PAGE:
Microsoft, Oracle and the Rush to Be QbD’s Complete Solution
As Quality by Design matures, so do IT offerings that bill themselves as the answer to drug manufacturers' drug development prayers.
By Paul Thomas, Senior Editor
Manufacturers' challenge is clear: how do take disparate, siloed R&D data from past and present and (cheaply and easily) use it to leverage ongoing development efforts.
Microsoft and Oracle are making major bids to provide holistic solutions for manufacturers implementing QbD. Smaller vendors (such as Blue Reference) are making a name for themselves by filling voids in the QbD IT space.
Editor’s Note: More information on Microsoft, Oracle, and Blue Reference can be found on PharmaQbD.com, via the following links:
Blue Reference: http://www.pharmaqbd.com/node/398
Microsoft is leveraging its Amalga Life Sciences solution to make drug R&D data readily available, integrated, and robust, with the advantage that it leverages the Office format that is familiar to virtually everyone within a given organization. “Many researchers now use Excel and other Office programs to store their lab data in spreadsheets they’ve cobbled together,” says Jim Karkania, Senior Director of Applied Research and Technology for Microsoft Health Solutions Group
“Amalga can search through these files, no matter what format they are in, and pull the relevant information as soon as it is needed.” Karkanias uses the example of a multidisciplinary team that is tasked with performing a gene expression study of a certain disease to illustrate how R&D will realize Amalga's potential. Amalga can integrate relational and graphical, Karkanias says.
Merck is one of the companies helping Microsoft to develop Amalga LS. Earlier this summer, Microsoft bought the assets of Rosetta Biosoftware (part of Rosetta Inpharmatics) from Merck. Merck has become an early adopter of Amalga Life Sciences and a development partner, Karkanias says, and will provide strategic input as the platform evolves. The two companies are currently developing a formal process for collaborating into the future, Karkanias says.
Oracle’s moves include the purchase this summer of the intellectual property of Conformia Software, a provider of process lifecycle management software for life sciences companies and a close collaborator with FDA on the role of IT in moving QbD forward. Oracle, which bought Sun Microsystems previously, says it plans to integrate the Conformia Product and Process Lifecycle Management (PPLM) software and technology into the Oracle Agile PLM suite. “This combination will enable pharmaceutical and bio-technology companies to accelerate innovation, meet regulatory objectives, and improve productivity,” Oracle said in its announcement.
The move follows Oracle’s acquisition this Spring of Relsys International, a provider of drug safety and risk management applications. It’s also heavily promoting its Crystal Ball software for Monte Carlo simulation and risk analysis (and which is, coincidentally, Microsoft Excel-based).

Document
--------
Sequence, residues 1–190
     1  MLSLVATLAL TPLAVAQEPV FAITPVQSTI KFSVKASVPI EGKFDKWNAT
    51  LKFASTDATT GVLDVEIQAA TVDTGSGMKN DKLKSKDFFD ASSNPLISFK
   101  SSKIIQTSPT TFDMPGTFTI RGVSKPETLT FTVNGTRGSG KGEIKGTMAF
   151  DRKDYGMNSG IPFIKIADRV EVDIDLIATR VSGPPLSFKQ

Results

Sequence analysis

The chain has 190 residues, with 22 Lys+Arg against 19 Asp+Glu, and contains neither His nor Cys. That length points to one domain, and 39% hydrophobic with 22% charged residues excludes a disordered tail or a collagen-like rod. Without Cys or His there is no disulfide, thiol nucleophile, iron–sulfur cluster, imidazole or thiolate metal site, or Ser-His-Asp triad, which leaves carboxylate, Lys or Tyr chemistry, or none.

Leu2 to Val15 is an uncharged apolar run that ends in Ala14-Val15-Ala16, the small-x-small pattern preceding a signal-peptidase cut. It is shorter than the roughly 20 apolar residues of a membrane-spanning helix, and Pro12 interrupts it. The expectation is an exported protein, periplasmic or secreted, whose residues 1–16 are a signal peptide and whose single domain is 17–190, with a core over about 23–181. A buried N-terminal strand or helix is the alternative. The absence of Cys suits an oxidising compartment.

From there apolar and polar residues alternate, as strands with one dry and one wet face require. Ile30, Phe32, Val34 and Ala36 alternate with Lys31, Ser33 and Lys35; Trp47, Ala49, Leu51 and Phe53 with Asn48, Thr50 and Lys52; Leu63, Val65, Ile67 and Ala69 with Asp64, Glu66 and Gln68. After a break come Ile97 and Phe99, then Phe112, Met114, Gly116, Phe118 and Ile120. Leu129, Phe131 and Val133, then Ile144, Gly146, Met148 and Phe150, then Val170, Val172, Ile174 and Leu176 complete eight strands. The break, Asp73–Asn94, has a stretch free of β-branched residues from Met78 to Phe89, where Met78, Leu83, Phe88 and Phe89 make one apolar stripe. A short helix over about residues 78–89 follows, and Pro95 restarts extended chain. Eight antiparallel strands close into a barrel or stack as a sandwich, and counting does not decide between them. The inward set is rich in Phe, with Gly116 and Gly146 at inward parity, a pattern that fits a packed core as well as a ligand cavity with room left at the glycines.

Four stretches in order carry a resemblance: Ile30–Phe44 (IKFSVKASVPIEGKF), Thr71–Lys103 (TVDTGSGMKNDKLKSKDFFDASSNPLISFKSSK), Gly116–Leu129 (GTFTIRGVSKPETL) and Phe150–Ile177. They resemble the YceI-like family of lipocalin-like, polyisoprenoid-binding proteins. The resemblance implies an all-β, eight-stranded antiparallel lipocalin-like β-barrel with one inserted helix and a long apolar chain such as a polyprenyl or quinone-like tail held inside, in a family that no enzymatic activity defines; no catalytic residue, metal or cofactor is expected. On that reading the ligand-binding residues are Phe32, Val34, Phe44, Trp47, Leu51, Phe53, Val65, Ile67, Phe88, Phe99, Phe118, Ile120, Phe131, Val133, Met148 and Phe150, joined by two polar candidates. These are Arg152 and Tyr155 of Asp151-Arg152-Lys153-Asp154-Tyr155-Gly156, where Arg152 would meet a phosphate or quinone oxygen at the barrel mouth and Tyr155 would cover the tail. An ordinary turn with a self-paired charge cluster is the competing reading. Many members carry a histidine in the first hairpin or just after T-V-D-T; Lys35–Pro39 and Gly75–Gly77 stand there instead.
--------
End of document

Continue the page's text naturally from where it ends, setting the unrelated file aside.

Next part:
Oracle is “filling gaps” and adding to strengths that it already had in life sciences, says Life Sciences Strategy Director John Danese. “It gives us a good story in Quality by Design and PAT.” Like Microsoft, Oracle is relying heavily upon manufacturers’ input as it evolves its solutions, Danese says.
Those manufacturers are finally coming to grips with how to leverage QbD, Danese says. “The technology was evolving but few businesses understood how they were going to use it in the course of developing new products,” he says. “QbD is becoming more of a reality, and manufacturers are moving from hazy endpoints to moving ahead and incorporating QbD into their business operations and understanding its benefits.”
Since last year, Blue Reference has led a Quality by Design Product Development Consortium (PDC) that exists to flesh out these issues and improve the tools available for Quality by Design. While most of the consortium’s work is hush hush, one development that company founder Paul van Eikeren is now ready to share is a software prototype, Paradigm Discovery, whose primary purpose is to cull through manufacturers’ previous QbD-relevant data and extract that which can be applied to future efforts.
“It’s a QbD-aware, intelligent approach to finding relevant prior information,” or what he calls “information artifacts.” Paradigm Discovery resides on top of existing data sources and analyzes information artifacts, so that they can be structured, evaluated, compared , and put to use. “85 percent of data is in the form of free text,” van Eikeren estimates. “Anything in a database in a structured form can also be transformed to an information artifact. Being able to dredge up the past, and use it, is a big deal for manufacturers, he says.
“Think about how much money pharmaceutical companies have put into R&D over the past 30 years,” he says. “A certain fraction of that was spent in the non-clinical developmental world. But in almost all cases, that money didn’t produce a drug product, though it did produce a lot of information that they now can’t use. It’s a worthwhile investment to get access to that info.”